Help Me with an Exit Strategy & Lessons Learned for Novices


#1

First - Let me start by stating the obvious - this forum site is awesome. I have enjoyed the opportunities I have taken, although not often enough, to read and learn from the valuable information posted here by all. I only wish I had found this site 5 years ago when I got into - scratch that - dove into the MHP Business. The 20 or so times I have read this forum over the last 3 months has finally convinced me that it is time to tell my story and time to sell my parks.

Put simply, I have learned the following info from this Forum:

  1. I have a lot to learn - a tremendous amount - about RE investing. I still dont understand half of what the heck you guys are saying (cash on cash??).

  2. I got lucky as he** with the one of the two parks I bought 5 years ago. Not so much with the other bought 2 yrs ago.

  3. I need to step back and re-evaluate my goals and plan ahead with a young family 2 very active kids (6 and 8).

So, I do not really know where to begin - listing the mistakes and poor decisions I have made over the last 5 years while owning two small Mobile Home Parks might be worthy of some much space/time that I need a “Blog” or something - not even sure what the heck a Blog is. I will be rather vague at times in my message and perhaps in replies - because my ultimate intention is to SELL THESE PARKS!! So, I will hopefully provide insight and experiences to the new folks and I will hopefully gain knowledge/instructions from the veterans on a rapid, but effective Exit Strategy.

For clarity and cathartic healing, I will be using a code word when writing - when I want to place special emphasis on a piece of info that a new investor should pay extra attention to. The code is (YIAAI) - pronounced Yee-Ahh. It stands for "Yes, I Am An Idiot).

First - Me: Hardworking, successful owner of a small company ( and discussed on this site:

  • 11 acres

  • 21 lots with 19 park-owned SW’s and the other 2 are owner-occupied (just lot rent)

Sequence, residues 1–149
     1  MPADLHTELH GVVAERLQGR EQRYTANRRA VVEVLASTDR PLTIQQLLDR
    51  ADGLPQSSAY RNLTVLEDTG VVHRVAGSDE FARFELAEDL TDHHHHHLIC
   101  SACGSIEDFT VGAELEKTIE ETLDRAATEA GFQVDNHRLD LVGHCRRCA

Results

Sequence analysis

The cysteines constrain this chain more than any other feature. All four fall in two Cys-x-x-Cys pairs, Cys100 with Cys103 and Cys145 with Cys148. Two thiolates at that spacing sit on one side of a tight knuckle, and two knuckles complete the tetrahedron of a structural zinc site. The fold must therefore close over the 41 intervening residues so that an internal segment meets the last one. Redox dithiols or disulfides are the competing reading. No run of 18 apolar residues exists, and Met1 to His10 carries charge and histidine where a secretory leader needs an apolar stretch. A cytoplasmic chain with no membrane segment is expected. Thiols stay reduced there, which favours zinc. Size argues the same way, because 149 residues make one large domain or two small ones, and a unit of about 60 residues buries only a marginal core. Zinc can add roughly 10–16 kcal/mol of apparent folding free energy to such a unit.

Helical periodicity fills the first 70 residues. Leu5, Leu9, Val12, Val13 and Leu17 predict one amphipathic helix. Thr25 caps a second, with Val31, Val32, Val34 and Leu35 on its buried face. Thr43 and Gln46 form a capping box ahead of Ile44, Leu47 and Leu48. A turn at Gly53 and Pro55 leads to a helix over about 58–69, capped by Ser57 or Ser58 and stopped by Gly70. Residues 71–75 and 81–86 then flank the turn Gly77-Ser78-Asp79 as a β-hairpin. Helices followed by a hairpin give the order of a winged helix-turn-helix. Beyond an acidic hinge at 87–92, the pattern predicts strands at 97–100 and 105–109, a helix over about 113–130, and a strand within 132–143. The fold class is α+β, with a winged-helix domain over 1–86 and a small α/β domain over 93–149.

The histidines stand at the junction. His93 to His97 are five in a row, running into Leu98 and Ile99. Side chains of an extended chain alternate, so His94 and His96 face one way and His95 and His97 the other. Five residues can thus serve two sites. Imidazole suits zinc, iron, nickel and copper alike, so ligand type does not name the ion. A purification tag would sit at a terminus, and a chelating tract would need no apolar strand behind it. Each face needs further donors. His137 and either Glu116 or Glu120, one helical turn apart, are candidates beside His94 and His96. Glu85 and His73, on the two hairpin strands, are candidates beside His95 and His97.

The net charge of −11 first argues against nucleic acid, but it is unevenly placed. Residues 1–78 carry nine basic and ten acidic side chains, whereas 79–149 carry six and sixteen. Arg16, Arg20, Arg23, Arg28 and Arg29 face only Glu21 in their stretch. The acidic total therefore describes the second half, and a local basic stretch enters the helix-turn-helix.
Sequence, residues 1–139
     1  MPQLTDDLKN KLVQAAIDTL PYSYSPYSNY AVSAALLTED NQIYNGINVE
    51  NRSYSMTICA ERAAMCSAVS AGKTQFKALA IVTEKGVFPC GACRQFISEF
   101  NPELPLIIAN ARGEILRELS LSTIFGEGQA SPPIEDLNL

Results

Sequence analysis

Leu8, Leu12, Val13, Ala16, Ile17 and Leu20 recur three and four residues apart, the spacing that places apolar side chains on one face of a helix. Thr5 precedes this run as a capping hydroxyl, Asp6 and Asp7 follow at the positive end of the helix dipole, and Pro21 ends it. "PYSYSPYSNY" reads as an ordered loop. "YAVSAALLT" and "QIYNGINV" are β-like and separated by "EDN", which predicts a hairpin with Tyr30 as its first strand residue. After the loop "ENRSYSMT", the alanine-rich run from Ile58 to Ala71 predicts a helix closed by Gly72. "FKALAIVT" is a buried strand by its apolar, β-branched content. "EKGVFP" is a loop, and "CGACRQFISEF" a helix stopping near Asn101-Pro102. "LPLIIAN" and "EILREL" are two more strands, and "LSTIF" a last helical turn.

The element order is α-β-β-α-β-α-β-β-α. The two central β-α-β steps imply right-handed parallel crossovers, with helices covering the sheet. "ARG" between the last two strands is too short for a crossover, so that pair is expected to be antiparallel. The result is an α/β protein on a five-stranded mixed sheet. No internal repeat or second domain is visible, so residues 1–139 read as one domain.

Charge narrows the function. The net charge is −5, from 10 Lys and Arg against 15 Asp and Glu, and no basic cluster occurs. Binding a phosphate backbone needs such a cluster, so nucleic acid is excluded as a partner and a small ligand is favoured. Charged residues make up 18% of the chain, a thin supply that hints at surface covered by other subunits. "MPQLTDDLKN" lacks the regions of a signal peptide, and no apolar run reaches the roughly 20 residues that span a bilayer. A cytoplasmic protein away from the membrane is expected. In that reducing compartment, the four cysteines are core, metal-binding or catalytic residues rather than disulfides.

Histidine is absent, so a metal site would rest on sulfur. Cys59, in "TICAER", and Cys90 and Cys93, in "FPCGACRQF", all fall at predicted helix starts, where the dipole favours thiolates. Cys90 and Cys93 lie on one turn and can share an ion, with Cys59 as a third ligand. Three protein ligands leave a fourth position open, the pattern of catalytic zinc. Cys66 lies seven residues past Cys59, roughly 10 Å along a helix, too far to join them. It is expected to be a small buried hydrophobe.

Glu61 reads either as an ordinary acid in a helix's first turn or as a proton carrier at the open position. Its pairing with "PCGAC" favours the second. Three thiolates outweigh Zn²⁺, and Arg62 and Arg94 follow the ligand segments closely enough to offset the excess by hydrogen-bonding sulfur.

• All 19 park-owned units are rented with furniture in place (beds, kitchen table, couch, washer/dryer, stove, refridge)

  • one very, cool cabin (code word for Money Pit) that was actually the original structure on the property.

  • and a nice 2004 Double wide with 4 BRs/3 Baths, vaulted ceilings, wrap around decking. It truly is nice.

  • Park is on two wells, and each unit has a septic (YIAAI).

  • All singlewides are 60’s, 70’s and 80’s with nice metal 2-car parking canopies for each unit.

  • This park is nestled among lots of hardwoods and has a mountain settting feel to it. There is also has a 2 acre pond with it. It really is a nice setting.

  • Park came with old pick up truck, tractor, nice sheds, shelters, etc…

This market in Virginia is a little different (from what I now understand) than most MHPs for two main reasons:

  1. Utilities are included in the rent.

  2. Weekly rentals - not monthly.

  3. ALL utilities are included (power, water, sewer, propane (for some units heat or stove). Each weekly rent is allowed $100/month of power and/or $300/season for propane. (yes - it gets confusing). Anything over that $100 - they must pay us back for. But, we would give them weeks to a pay us back an overage where we had to pay the power company immediately. (YIAAI).

  4. The rents are paid weekly - not monthly. Which has actually been a plus. But - again, I didn’t even know this was unusual. Almost all the parks in this market (just called around) operate this way. It is NOT due to a very transient tenant base as having furnished units weekly rents would lead you to believe - it has to do with the weekly rental ‘Agreements’ not being ‘Leases’ and, in Viriginia, it makes it much easier and quicker to get non-payers out. PLUS - since we own the power - we simply pad lock the power off at the panel if rent is not paid. The two lot renters have been there 16 years, there were (and are) 3 renters of SW’s that have been renting in the park over 6 years at the time I bought it, many others that have been there over 2 years. I did at least look at all the rental agreements, deposit slips, one year of tax records (YIAAI), and, a lot of hand written logging, notes, napkins etc… of $ paid out, rent coming in, etc… Trusted it all because I WANTED the deal, was excited about it, felt like I was lucky to get it (not advertised For Sale - got wind of this deal through a Craigslist Listing I put in asking for anyone interested in selling to contact me - remember, I didn’t even know about this site). So, guy emailed me - said the park he was living in was getting ready to go up for sale - I hopped in the truck and ran up there to lock in the ‘Deal’.